Good morning, everybody. Happy Wednesday. Want to see what we were up to a year ago?
One year ago today we welcomed Miles into the world. The world was a lot more scary and isolated back then, wasn’t it? Marissa shared with me how tough these quarantine milestones are. “I just think of all the things he missed out on,” she said tearfully. “We didn’t get to take him anywhere, we didn’t get to show him to people…”
My knee jerk reaction is to swoop in with the quick-fix. “We’re taking him to Dave and Busters next week - that’s pretty cool,” I assured her.
Dang it. Miles is one years old already. The same feelings Marissa was going through are finally hitting me too. Why do the best parts of life tend to move at break-neck speed? I had this funny little paragraph planned where I was going to talk about how the first birthday is kind of a freebie in that you don’t need to make a huge deal out of it, but now this morning all I can think about it how big Miles has gotten. He’s a full year old - you can’t even call a one year old a baby anymore, can you? “Baby Miles” has become something of the past now. This is as much of a farewell to baby Miles as it is a birthday.
I’ll miss you, baby Miles. I’m sure I’ll love toddler Miles and kid Miles too, but just between you and me, I wish I could call you “baby Miles” for just a little longer.
Oof, now I’m crying here in the living room by myself. I need a minute to get it together.
Sip. We have a pretty simple birthday planned for Miles. We hung up a single streamer that says Congratulations. Marissa is going to whip up a chocolate cake later today. Along with the Hy-Vee bought 1 candle, she’s just going to write CHESS on it, because that seems like something he would like.
But in and around all the birthday festivities, we have kind of an action-packed day today. Rodney has his very first ice skating lesson today. After work, Rodney and I will scoot over to the ice rink and do our best to decipher the very detailed email I received that directs us where to go. You should see this thing - there is a schematic of the building, colored zones, time tables, and a nested outline littered with bolded and italic instructions. I get that they must be running a pretty tight ship with COVID and everything, but this is the type of email I’d expect to circulate around if Rodney and I were going sky diving or visiting Korea’s DMZ.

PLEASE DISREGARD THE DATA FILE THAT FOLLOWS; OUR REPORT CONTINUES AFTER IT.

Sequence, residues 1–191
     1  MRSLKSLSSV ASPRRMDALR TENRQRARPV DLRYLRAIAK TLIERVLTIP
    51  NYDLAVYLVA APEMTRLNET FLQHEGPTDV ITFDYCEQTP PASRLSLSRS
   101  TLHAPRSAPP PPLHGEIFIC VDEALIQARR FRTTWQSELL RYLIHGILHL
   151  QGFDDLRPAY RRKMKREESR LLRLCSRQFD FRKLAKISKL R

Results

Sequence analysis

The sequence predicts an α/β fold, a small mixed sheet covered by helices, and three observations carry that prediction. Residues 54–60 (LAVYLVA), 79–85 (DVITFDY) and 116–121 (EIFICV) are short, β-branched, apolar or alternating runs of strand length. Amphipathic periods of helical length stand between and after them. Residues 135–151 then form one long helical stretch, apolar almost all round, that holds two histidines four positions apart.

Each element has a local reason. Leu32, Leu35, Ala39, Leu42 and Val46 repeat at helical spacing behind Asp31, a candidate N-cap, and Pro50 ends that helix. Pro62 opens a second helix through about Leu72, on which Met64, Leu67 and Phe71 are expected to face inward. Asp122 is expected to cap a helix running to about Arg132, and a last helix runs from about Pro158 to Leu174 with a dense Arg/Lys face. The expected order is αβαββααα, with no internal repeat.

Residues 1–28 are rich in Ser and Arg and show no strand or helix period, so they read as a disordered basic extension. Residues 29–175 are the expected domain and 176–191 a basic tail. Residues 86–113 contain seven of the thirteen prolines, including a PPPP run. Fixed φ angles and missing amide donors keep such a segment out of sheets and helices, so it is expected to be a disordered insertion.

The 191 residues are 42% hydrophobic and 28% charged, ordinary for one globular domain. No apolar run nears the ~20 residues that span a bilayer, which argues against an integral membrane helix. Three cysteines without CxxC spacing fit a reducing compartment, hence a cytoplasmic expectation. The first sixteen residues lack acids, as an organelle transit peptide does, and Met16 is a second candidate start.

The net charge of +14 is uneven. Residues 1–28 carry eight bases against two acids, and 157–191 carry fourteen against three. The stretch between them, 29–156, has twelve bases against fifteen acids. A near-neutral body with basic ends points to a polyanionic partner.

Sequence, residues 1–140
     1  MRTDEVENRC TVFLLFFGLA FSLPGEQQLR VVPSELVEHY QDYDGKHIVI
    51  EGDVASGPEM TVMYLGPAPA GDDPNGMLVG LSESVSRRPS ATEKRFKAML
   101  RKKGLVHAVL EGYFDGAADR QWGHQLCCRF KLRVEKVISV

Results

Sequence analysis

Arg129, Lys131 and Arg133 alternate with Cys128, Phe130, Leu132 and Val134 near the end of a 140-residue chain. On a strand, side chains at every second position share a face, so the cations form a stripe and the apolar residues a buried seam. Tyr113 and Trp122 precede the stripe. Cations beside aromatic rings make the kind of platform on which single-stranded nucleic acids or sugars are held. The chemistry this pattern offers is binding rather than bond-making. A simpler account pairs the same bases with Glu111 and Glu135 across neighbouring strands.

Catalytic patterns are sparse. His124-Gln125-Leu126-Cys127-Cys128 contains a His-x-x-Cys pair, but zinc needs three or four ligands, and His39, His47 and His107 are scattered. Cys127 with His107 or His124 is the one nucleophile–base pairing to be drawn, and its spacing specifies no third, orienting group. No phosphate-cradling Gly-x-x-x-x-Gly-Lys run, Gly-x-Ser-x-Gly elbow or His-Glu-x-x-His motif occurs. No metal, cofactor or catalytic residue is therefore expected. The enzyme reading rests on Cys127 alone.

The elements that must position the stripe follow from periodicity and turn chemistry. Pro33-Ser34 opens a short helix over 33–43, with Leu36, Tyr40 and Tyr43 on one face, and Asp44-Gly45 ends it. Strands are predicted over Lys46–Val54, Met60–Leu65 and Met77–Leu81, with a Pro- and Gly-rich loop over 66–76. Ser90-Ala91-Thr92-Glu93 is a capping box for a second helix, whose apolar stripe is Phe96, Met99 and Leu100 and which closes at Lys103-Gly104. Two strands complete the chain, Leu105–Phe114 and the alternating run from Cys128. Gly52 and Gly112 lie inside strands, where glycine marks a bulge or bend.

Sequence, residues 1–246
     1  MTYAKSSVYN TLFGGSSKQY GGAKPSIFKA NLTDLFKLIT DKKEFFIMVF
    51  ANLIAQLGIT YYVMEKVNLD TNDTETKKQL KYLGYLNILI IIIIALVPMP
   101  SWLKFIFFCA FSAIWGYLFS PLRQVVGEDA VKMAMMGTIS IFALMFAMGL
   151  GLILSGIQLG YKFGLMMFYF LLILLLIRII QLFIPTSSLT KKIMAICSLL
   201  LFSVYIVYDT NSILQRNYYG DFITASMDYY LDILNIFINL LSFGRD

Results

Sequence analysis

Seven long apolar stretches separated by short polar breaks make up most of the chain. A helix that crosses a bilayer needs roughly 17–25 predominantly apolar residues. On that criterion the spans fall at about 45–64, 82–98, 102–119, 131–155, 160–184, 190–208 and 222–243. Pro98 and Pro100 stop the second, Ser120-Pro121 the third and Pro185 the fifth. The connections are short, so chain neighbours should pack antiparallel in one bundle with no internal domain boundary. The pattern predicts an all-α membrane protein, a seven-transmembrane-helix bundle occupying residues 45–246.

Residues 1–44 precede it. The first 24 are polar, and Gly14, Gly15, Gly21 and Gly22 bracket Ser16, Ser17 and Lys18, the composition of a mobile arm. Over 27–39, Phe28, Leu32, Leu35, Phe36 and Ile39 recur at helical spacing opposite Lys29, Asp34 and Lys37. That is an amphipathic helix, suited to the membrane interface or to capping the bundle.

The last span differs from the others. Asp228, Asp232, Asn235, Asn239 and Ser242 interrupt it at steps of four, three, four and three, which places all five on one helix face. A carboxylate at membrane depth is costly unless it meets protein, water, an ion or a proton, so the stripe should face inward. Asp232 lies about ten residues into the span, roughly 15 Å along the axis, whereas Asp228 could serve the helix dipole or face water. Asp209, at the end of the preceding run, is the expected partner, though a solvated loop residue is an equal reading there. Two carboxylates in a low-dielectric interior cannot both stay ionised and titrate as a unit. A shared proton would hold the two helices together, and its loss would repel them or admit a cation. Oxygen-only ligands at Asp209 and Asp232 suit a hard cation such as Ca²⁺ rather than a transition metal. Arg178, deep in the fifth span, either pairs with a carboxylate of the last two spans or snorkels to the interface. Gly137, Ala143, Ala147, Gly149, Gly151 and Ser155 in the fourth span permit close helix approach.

I don’t really know what Rodney is expecting. He gets that he’ll be ice skating, but he’s also entertaining ideas like bringing his spider-man mask, toys, and his hockey stick. I think being around other kids in a structured environment where he can’t run the show, along with the challenge of standing up on skates, will be good for him.
There’s a chance, however, that he’ll just put on skates and immediately figure it all out. Rodney has a good sense of balance, and he has a way of surprising us in teaching himself to do things. Yesterday while taking a short work break on my bed, Rodney demonstrated how we could balance with one foot planted on my stomach, all while swinging at my face with a k’nex sabre.
We had a great day yesterday. I had long quiet day and got to catch up on some quiet things. In the morning during breakfast Rodney asked if I would bring my “boring computer” downstairs again, and it really took him off guard when I said sure. Together we watched the company town hall from the breakfast table, and I’d later head back upstairs.
The work day slipped away, and soon it was time to cook dinner. Rodney, looking for something to do, joined me in the kitchen. “I just want to help,” he said. But to my surprise, Rodney didn’t just peace-out after cutting up a few celery chunks. He stayed for practically the entire meal, helping me boil green beans, bake rice pilaf, and sear some pork chops.
“Dude, you’re like chef Rodney,” I said, complimenting him as he swirled a metal pan around the stove.
“No, I not chef Rodney,” he said modestly. “I’m just Rodney.”
The pilaf had big, jagged chunks of celery, but I thought it added a certain rustic flair. Besides, that’s about the best you can do with a child-proof butter knife.
After putting the kids to bed, Marissa called me over to the living room to demonstrate something she found about Minnie. “She’s a natural retriever,” she said. “Watch this.”
Marissa picked up her green frog toy and shook it around. Minnie panted and rand in circles in anticipation. Marissa flung it across the room, and Minnie took off like a little rocket. She picked up the frog toy in her mouth and happily trotted back.
She’s a natural retriever, just like her big brother Ollie.
That’s what I got today. Have a good Wednesday, everyone. The birthday boy Charles Mingus wishes that you all take a short chess break today to commemorate his first lap around the sun.